Marco Dozza - PhD in Bioengineering, 2003-2007

Biofeedback Systems for Postural Control

14th NCM Meeting 28 March · 3 April 2004 - Sitges, Spain

• F. Horak, M. Dozza, R. Peterka, and L. Chiari, “What do subjects learn from audiobiofeedback for postural verticality?”, Proc. Neural Control of Movement, Sitges, Spain, 28 March - 3 April 2004.

[Poster]

 

Abstract - The extent to which subjects with loss of sensory information can substitute audio information to control body sway is unknown. We developed an audio-biofeedback (ABF) system to investigate its effect on postural stability during stance. Audio biofeedback consisted of soundwaves representing 2D trunk kinematic (position, velocity and acceleration) information. When the subject sway was outside a 1 degree threshold area frequency and amplitude modulation signaled anterior-posterior trunk sway and left-right ear volume balance signaled left-right sway. Nine subjects with bilateral loss of vestibular function and nine age-matched control subjects attempted to use this biofeedback to minimize postural sway in stance with eyes closed and/or with foam under their feet, and during surface rotations. Results showed that audio biofeedback decreased center of pressure (CoP) sway area and decreased the mean displacement of CoP outside the threshold area. Patients with total vestibular loss who could not stand on foam with eyes closed were able to balance using audio-biofeedback. The relative effect of audio biofeedback for each subject depended on how much they benefited from alternative sensory information. For example, subjects who were very visually-dependent used audiobiofeedback more when eyes were closed whereas subjects who were very surface-dependent used audiobiofeedback more when on the foam. Subjects with vestibular loss also learned to use audiobiofeedback to prevent falls during surface rotations with eyes closed. Lasting effects of the audio biobfeedback training were also observed since they continued to be stable on the rotating surface even after the audio information was removed. These results suggest that providing alternative sensory information for postural vertical may calibrate or train latent somatosensory information to perform that function rather than simply providing sensory substitution.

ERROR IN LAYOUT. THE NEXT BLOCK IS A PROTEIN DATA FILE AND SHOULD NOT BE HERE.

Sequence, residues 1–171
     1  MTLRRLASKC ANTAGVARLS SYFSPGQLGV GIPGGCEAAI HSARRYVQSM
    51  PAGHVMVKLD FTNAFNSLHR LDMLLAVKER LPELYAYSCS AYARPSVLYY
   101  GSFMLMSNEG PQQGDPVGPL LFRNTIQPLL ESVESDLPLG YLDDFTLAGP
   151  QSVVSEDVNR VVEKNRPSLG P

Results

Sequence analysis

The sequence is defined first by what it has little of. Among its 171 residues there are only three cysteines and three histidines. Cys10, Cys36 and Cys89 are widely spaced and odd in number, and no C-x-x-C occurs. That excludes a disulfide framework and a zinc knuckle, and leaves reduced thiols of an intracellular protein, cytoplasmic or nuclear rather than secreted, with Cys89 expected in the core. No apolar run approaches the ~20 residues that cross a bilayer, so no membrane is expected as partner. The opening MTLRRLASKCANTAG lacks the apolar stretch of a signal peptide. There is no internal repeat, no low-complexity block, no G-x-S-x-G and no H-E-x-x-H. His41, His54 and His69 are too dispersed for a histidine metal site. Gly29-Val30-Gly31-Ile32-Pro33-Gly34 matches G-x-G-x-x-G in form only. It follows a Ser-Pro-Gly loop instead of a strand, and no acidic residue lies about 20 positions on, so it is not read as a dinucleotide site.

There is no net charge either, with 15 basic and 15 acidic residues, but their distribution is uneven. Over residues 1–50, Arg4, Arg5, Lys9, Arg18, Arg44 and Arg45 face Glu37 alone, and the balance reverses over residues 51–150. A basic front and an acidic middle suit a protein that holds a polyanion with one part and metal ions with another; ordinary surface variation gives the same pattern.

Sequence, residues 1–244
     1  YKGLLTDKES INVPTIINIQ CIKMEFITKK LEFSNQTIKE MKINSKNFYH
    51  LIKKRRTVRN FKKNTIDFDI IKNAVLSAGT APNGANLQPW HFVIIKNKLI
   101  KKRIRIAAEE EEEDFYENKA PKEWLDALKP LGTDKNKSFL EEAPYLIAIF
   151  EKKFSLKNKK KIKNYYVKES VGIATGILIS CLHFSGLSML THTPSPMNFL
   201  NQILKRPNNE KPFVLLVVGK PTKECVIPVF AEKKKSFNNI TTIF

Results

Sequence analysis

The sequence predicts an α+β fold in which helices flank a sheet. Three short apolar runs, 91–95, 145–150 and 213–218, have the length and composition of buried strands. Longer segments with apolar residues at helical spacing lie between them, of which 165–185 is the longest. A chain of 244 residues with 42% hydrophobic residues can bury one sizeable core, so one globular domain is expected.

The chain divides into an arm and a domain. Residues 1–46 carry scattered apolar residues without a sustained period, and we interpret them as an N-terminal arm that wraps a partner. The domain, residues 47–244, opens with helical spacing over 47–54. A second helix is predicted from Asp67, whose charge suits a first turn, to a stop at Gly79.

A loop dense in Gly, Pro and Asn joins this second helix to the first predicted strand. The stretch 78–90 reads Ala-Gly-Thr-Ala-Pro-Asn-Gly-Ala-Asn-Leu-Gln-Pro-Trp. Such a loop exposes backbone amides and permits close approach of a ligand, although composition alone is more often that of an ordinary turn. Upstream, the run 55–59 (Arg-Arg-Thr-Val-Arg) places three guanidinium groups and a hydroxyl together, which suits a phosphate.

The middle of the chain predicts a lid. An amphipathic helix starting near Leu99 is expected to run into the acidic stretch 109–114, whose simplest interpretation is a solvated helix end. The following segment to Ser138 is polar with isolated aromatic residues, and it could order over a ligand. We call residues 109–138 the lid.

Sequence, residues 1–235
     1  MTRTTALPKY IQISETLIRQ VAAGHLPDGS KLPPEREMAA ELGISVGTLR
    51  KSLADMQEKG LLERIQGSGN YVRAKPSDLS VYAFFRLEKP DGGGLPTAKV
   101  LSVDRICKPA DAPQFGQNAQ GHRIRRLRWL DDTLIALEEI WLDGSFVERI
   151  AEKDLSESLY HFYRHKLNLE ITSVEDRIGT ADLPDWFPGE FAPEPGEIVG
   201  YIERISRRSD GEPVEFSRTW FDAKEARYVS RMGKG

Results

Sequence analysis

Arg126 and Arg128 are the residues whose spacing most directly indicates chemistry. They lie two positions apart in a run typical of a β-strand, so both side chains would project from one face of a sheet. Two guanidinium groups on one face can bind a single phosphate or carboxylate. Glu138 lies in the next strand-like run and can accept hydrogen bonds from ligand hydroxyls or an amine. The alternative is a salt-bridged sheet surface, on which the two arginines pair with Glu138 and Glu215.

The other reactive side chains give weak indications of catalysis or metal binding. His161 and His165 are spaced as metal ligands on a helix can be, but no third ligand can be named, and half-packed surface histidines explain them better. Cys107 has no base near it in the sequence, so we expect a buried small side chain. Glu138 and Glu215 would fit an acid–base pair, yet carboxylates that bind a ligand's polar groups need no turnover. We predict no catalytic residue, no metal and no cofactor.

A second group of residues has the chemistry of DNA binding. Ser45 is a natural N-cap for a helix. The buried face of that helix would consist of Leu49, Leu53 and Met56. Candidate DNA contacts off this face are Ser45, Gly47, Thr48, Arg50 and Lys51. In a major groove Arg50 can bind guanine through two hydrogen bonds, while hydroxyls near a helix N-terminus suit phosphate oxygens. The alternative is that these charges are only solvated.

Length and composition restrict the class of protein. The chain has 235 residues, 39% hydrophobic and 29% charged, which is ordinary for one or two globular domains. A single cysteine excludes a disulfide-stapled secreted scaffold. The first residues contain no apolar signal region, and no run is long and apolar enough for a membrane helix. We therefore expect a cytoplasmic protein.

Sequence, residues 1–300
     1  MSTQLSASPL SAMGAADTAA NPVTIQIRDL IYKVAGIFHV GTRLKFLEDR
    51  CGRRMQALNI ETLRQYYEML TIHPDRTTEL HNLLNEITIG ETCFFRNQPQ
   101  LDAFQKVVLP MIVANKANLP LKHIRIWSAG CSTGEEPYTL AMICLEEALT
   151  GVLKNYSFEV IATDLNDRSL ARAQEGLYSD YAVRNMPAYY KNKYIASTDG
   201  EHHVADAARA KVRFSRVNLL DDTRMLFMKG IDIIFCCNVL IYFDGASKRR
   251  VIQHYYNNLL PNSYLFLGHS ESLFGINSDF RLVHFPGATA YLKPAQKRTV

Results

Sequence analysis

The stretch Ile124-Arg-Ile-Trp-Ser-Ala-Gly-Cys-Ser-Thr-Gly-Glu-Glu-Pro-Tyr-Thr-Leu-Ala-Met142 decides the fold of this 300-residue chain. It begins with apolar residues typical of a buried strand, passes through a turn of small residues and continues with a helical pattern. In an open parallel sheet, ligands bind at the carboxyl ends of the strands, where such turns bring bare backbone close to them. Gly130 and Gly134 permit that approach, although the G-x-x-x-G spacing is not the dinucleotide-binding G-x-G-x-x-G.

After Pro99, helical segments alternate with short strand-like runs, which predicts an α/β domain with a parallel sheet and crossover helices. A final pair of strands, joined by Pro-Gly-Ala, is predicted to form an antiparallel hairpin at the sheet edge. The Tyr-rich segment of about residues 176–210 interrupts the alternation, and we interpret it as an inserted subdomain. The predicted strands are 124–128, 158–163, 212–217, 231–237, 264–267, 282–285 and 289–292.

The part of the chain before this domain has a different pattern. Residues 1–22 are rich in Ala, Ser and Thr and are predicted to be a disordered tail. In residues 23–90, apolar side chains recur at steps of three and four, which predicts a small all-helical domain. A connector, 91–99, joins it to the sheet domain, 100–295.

Supported by NIH grants DC 01849 and DC06201.

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